In our latest feature celebrating Yorkshire mums in the run up to Mother’s Day, Christine Clark talks to Sarah Freeman about her first year with her miracle quads.
Life is pretty disciplined in the Clark house.
When you’re parents to quadruplets it has to be. It’s a year ago, that Christine Clark and her husband Justin returned home to Rotherham with their four newborn baby girls and right from the start they knew a strict routine was the only way their new family was going to work.
“When you’ve got four tiny babies all wanting to be fed, all needing their nappies changed and all wanting a cuddle, you have to manage the day,” says 37-year-old Christine. “Of course there are times when we let the routine slip, but if we do we soon notice it.”
To the envy of many new parents, the Clark girls already sleep through from 6pm to at least 7am and sat quietly on the living room floor ahead of yet another photoshoot, they are the very picture of model children.
“After breakfast we begin the long process of getting dressed,” says Christine. “In fact we try to extend it as long as possible, there’s no point even trying to rush. Lunch is generally at midday and then afterwards we try to take the girls out, so we can all get some fresh air.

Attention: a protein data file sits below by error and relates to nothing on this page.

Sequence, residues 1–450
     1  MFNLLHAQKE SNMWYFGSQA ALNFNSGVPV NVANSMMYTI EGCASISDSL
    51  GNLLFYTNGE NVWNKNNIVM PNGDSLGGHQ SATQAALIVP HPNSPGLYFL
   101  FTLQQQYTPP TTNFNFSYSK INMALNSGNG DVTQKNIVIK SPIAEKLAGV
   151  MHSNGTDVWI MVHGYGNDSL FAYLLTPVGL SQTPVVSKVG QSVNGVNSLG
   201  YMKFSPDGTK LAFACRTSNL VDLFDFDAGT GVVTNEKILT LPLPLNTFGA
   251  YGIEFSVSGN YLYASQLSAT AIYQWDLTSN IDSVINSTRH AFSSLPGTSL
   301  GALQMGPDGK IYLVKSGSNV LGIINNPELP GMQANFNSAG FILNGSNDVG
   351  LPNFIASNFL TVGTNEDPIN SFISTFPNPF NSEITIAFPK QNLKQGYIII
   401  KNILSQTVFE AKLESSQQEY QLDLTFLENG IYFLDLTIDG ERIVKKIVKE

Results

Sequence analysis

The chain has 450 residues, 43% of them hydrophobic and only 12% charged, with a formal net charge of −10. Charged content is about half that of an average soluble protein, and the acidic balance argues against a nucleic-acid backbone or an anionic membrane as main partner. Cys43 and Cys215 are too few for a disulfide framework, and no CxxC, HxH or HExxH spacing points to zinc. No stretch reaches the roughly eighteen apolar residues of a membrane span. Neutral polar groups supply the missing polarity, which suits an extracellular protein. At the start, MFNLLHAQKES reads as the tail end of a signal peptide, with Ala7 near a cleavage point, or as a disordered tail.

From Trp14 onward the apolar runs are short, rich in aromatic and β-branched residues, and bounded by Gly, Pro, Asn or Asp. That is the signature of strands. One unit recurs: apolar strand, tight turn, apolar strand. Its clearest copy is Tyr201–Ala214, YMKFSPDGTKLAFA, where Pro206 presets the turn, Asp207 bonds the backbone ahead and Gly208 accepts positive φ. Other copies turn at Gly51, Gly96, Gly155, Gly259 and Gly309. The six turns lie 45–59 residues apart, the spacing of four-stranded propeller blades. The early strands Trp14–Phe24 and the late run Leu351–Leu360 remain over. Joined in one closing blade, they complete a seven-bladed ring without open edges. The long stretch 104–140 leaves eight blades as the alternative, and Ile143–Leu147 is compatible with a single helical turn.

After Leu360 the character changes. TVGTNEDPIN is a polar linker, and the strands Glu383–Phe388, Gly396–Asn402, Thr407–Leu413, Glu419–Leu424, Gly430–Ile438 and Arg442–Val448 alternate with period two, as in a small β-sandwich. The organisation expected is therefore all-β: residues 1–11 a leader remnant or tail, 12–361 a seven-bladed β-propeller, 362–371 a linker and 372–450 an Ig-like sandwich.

“Elisha is definitely the madam of the group. She’s always on the look out for her three sisters, checking out strangers to make sure they are ok and becomes visibly upset if one of the others disappears for say a nappy change or a feed. Alexis was born last and she’s definitely the relaxed, laid back one. The only thing she is protective about is her feed. Then there’s Darcy and Caroline who are the mischievous twosome. Honestly, they’re a pair of little monkeys.”
Christine admits there are times when she has to pinch herself. It’s no wonder. After nine years of trying to conceive naturally, the Clarks feared they may never have a family of their own. It was then that they turned to IVF specialists CARE Sheffield. They were prepared for the procedure not to be successful, but they weren’t prepared for their first scan which showed four tiny beating hearts.
Multiple births used to be relatively common when IVF involved using more than one embryo to improve success rates. These days doctors prefer to use a single embryo and medical staff in Sheffield were just as stunned as the Clarks when it became clear they were expecting quads. Some said the odds were 70m to one.